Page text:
Hypertension takes its toll on college football players

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By the end of the college football season, more than half of first-year players in a recent study had developed hypertension (high blood pressure), or were on the verge of developing it.

Linemen were especially likely to have developed prehypertension or stage 1 hypertension, according to the study, which was published in Circulation, a journal of the American Heart Association.

The study of 133 varsity football players at Harvard University over six years was conducted principally by Aaron Baggish, associate director of the Cardiovascular Performance Program at the Massachusetts General Hospital, Boston.

On average, the blood pressure of the players studied rose from 116/64 before the football season began to 125/66 at season's end. Increases were disproportionately greater among linemen, 83 percent of whom developed either prehypertension or stage 1 hypertension. Prehypertension starts at 120/80, stage 1 starts at 140/90 and stage 2 is 160/100 or higher.

Only one of the 133 players had been diagnosed with hypertension before the season began.

"We're definitely seeing an increase" in high blood pressure among football players, said Moira Davenport, a sports medicine physician at Allegheny General Hospital.

Hypertension is more common among those who are overweight, so it makes sense that linemen would be more likely to develop signs of it, Dr. Davenport said.

In addition to being heavier to start with than backs or receivers, young linemen are encouraged to bulk up to play their positions better, she noted.

Teenagers typically don't pay as much attention as they ought to to good nutrition, and "it's hard to eat right when you are trying to put on pounds," Dr. Davenport said.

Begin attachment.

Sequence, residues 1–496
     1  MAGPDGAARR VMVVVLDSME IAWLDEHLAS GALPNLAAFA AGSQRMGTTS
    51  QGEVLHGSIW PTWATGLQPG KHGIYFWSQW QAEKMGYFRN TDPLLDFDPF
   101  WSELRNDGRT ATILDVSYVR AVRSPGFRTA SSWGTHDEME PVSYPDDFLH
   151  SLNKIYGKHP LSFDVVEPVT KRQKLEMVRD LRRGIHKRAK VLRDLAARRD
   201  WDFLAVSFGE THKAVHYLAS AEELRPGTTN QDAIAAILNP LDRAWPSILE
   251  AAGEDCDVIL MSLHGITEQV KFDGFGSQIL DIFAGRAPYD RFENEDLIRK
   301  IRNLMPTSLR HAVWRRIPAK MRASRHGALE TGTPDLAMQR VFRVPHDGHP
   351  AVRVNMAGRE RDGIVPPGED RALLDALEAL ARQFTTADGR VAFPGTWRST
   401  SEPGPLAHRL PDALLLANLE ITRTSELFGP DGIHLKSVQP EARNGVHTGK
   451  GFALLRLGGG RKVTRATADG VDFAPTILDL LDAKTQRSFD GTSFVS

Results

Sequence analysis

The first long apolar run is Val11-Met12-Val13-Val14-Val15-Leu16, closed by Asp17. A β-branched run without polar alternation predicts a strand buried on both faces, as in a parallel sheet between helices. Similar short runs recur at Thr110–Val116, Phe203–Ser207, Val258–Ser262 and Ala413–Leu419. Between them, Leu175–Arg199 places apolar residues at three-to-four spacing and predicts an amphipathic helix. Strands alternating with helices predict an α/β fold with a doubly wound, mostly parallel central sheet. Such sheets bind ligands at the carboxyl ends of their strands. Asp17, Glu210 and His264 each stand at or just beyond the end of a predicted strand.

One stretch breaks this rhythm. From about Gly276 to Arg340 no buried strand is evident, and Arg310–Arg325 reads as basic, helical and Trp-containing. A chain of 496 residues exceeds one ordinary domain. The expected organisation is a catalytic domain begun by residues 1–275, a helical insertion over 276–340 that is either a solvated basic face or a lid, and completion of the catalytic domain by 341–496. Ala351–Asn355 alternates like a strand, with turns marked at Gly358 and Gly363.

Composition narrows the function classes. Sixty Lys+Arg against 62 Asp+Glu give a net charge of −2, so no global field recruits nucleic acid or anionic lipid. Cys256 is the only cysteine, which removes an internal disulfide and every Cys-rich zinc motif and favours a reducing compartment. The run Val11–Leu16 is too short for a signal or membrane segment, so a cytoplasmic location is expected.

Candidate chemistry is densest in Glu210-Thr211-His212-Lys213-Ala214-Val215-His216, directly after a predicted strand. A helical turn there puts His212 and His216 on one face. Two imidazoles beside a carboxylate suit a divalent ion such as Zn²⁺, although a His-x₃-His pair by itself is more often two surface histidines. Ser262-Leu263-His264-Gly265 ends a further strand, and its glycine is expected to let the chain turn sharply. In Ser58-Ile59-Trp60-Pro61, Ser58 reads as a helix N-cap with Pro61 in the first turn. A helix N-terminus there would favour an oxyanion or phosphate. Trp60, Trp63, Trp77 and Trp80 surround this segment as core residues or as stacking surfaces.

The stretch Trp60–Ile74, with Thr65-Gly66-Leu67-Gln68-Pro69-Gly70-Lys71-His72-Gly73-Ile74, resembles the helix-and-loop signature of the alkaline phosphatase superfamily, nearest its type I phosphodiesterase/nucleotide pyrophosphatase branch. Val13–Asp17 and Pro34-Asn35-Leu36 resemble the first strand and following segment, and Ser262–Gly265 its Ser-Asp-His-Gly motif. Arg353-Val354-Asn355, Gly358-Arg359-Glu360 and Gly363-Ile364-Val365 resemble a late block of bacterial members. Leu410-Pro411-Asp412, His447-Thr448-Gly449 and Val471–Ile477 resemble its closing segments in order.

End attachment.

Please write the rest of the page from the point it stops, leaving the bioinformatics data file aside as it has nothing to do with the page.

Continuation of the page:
Football players tend to gain weight in the course of the season, said Srinivas Murali, director of the Division of Cardiovascular Medicine for the West Penn Allegheny Health System. In addition, many football players are African-Americans, who are at higher risk for hypertension.

It isn't good for young people to develop high blood pressure, but the results of his study shouldn't scare players, Dr. Baggish said.

Physicians regard prehypertension more as a warning sign than as a risk factor in itself. On average, the players in Dr. Baggish's study were just barely above normal blood pressure.

But the study indicated there were some changes in the cardiac structure as well, noted Dr. Murali. "The heart muscle got thicker, because the heart was pumping harder" from exertion, he said, adding that a thicker heart muscle is an additional risk factor for hypertension.

If your blood pressure falls within the hypertension range, physicians typically recommend that you lose weight -- studies indicate that for overweight people, even modest weight loss reduces dramatically the risk of developing hypertension -- to eat a diet rich in fruit, vegetables, whole grains and fish, and to cut back on salt, saturated fats and alcohol. A healthy diet has been shown to reduce hypertension risk in those of normal weight.

Physicians also advise you to exercise regularly, but that's not advice college football players are likely to need.


Jack Kelly: jkelly@post-gazette.com or 412-263-1476.


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